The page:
Whatever the sport you are competing in, mental focus and toughness are the only way you will succeed at a higher level. I will leave you with these pieces of advice:

1. Find a coach you trust and knows what they are doing!
2. Listen to that coach!
3. Work hard and put in the work required.
4. Realize you will have bad days and those are the days that just might be the best training days to train that mental toughness.
5. Celebrate small victories. A PR is a PR and new skills are always worth celebrating.
6. Go back to the basics and make your technique flawless.
7. Don’t talk smack or degrade others. Put your head down and let your numbers talk for you.

You could add so much more to this list, but bottom line, allow your sport to bring out the best in you!!

Good luck to you in whatever you are aiming for!!

Crystal is quickly becoming a world class powerlifter. She has squatted 325lb raw, benched 175lb, and deadlifted 370lb all at the age of 40-years-old. To find out more about her, check out her Instagram: @crystalmac_72

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Our latest E-Book “Performance Zone” has dropped! Check it out now at:

==> www.mashelite.com/performancezone/
====================================================
This book will help you discover all the steps necessary for “getting in the zone”, or what we call “entering the flow state”. This book will help you:

-Give you the history of flow or the zone
-Explain what is needed to get into flow or the zone
-Give you The Guide to Initiate Flow
1 Clear goals
2 Feedback
3 Skill ratio

This is definitely my favorite book to have written. I hope that all of you enjoy reading it!

==> www.mashelite.com/performancezone/

“But bro, cardio will kill my gains!” by Coach Nick Scott

Check out one of our six E-Books:

• “Squat Every Day”
• “Eat What You Want”
• “Squat Every Day 2”
• “No Weaknesses”
• “Mash Program Sampler”
• “The Mash Blueprint for Program Design”

Check them out here: ⇒ Mash Elite E-Books

“But bro, cardio will kill my gainz!”

How many times have you heard from “bro-scientists” that cardio will kills your muscle and strength gains? Probably as many times as you’ve seen them doing curls. So let’s drop some real science here. If you’re a weightlifter, powerlifter, bodybuilder, or even a CrossFit athlete, all you want is to get jacked, ripped, huge, buff, shredded, or “toned.” Muscles and abs are sexy; everyone knows it! Who doesn’t want to look better with their clothes off? Also, more muscle equals bigger lifts, bigger numbers, etc. So, in order to get all of this we need to find and initiate a magical mechanism called “hypertrophy”—which is a fancy word for muscle growth.

In order to achieve muscle growth, you need energy. The body uses ATP for energy to drive the muscles.
When you run out of ATP, that’s it, you reach muscle failure. That means no more reps or sets and the training session is over. If you constantly deplete this energy source, you are going to grind yourself down in the following sessions. You won’t be able to maintain the volume and intensity of training. This will very effectively “kill your gains.”

So how can we prevent this, or how can we regenerate more ATP so this doesn’t happen?

One word, CARDIO.

I know what you’re thinking “but wait, I thought cardio will kill my gainz?!” The bros have been saying this for years, citing that long cardio sessions and activity cause muscle catabolism (breakdown). This can be true… if you’re going overboard with it, say over 30 minutes or so at higher intensities.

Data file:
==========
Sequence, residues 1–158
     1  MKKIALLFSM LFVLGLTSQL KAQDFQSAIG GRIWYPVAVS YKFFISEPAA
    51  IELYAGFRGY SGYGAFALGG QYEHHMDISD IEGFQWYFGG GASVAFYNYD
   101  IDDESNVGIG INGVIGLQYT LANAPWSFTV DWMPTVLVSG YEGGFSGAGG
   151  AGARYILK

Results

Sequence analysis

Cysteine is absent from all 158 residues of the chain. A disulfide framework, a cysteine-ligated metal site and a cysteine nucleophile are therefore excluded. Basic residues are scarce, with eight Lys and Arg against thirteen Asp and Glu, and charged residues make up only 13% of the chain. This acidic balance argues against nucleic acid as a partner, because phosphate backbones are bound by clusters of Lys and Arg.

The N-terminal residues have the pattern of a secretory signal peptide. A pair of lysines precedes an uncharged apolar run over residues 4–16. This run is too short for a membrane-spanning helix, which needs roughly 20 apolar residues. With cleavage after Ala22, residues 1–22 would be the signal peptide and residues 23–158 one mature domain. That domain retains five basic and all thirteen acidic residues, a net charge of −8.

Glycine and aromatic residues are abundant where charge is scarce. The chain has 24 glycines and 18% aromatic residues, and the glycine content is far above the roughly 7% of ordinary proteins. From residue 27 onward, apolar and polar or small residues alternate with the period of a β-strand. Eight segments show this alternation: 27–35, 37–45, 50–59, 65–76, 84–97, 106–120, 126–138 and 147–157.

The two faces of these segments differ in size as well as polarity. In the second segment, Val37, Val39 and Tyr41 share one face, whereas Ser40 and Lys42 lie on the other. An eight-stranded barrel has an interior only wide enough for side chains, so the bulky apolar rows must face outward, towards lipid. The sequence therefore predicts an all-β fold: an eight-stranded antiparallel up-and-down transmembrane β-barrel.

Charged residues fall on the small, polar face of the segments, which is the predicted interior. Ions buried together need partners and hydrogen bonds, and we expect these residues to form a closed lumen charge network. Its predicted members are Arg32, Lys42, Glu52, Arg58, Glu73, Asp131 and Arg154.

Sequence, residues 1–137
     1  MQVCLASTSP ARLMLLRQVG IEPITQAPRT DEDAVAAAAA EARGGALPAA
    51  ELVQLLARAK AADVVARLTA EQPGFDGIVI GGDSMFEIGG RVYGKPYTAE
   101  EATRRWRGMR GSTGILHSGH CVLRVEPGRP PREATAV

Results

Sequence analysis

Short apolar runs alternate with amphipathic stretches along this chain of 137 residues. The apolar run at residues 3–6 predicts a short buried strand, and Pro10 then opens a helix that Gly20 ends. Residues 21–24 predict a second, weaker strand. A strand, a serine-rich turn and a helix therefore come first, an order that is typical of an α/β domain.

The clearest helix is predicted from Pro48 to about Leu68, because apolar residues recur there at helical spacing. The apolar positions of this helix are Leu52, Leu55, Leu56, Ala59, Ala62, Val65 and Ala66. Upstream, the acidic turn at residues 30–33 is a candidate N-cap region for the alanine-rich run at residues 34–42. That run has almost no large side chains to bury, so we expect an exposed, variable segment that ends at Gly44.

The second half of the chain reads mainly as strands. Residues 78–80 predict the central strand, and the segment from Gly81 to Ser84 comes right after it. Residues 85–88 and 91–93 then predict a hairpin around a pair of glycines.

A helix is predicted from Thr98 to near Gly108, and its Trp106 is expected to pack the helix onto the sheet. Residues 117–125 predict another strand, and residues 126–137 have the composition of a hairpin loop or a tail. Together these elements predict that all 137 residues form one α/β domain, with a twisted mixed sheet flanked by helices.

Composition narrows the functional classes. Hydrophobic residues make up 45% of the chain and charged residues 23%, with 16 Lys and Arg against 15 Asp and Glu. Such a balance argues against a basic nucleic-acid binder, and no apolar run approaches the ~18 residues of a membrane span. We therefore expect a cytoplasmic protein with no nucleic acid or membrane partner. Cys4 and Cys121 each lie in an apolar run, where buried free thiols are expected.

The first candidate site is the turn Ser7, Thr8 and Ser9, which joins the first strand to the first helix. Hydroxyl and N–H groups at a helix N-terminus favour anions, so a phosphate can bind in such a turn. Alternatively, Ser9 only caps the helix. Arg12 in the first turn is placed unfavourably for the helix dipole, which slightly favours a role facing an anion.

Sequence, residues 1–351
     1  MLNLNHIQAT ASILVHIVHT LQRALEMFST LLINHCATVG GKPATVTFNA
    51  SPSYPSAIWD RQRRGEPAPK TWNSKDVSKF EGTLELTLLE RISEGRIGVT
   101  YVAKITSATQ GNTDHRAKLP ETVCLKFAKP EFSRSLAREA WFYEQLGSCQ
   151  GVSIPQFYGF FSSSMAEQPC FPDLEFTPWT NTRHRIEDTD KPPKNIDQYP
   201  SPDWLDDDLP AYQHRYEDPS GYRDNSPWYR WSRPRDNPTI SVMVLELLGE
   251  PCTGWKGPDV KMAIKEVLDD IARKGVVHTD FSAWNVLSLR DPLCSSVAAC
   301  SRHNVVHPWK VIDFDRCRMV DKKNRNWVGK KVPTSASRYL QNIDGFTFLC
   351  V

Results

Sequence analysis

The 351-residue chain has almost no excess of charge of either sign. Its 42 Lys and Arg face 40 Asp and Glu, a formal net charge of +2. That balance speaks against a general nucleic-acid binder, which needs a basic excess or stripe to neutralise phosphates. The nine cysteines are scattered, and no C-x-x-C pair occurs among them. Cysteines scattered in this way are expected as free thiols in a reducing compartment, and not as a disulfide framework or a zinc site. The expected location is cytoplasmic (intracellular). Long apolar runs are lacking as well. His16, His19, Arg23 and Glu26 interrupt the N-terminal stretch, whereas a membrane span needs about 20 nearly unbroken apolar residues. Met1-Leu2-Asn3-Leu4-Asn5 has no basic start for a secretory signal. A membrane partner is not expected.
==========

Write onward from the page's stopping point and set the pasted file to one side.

But here’s some real science these bros don’t know. Cardio at low intensity actually regenerates ATP! Holy crap! So what does this really mean for you? It means that if you were to do a low intensity cardio session 2-3 times per week, you’d feel fresher for your weight training the following day. You’d be able to restore the ATP you used at a higher rate. Aerobic/cardio training also improves blood flow to muscles (increasing recovery), and decreases recovery time between sets.

Also, low intensity cardio training is highly effective at flushing out metabolites and toxins produced during weight training sessions. This obviously is a big winner in the recovery arena. Low intensity cardio has the additional benefit of increasing the parasympathetic state and decreasing the sympathetic nervous system activity while you rest. This means your body is under less neurological stress throughout the day, and is able to rest more effectively.

This sounds awesome right? It might be a component of training that you’re missing and could very likely take you to an entirely different level of performance and recovery.

How do we do this correctly? It’s simple, just follow these guidelines:

#1 – Start with 2 session a week for 4 weeks, then add another one in every 4 weeks, assessing your recovery. I wouldn’t suggest going over 4 sessions per week, unless you’re training for something specific that requires more.

#2 – Keep it low intensity (keep your heart rate in the 60-80% range)

#3 – Don’t go overboard, keep it short: 20-30 minutes tops!

#4 – Avoid intervals, they lend themselves to being higher intensity and creating more metabolic stress rather than relieving it.

#5 – Don’t do all running. Running is high impact and can adversely affect recovery. Use the rower, ski erg, and bike in equal parts, in addition to running, if possible.

So in closing, bro: Don’t be afraid of the cardio. Cardio will give you gains!

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Check out one of the Online Teams:

• Mash Mafia Bronze
• Mash Mafia Silver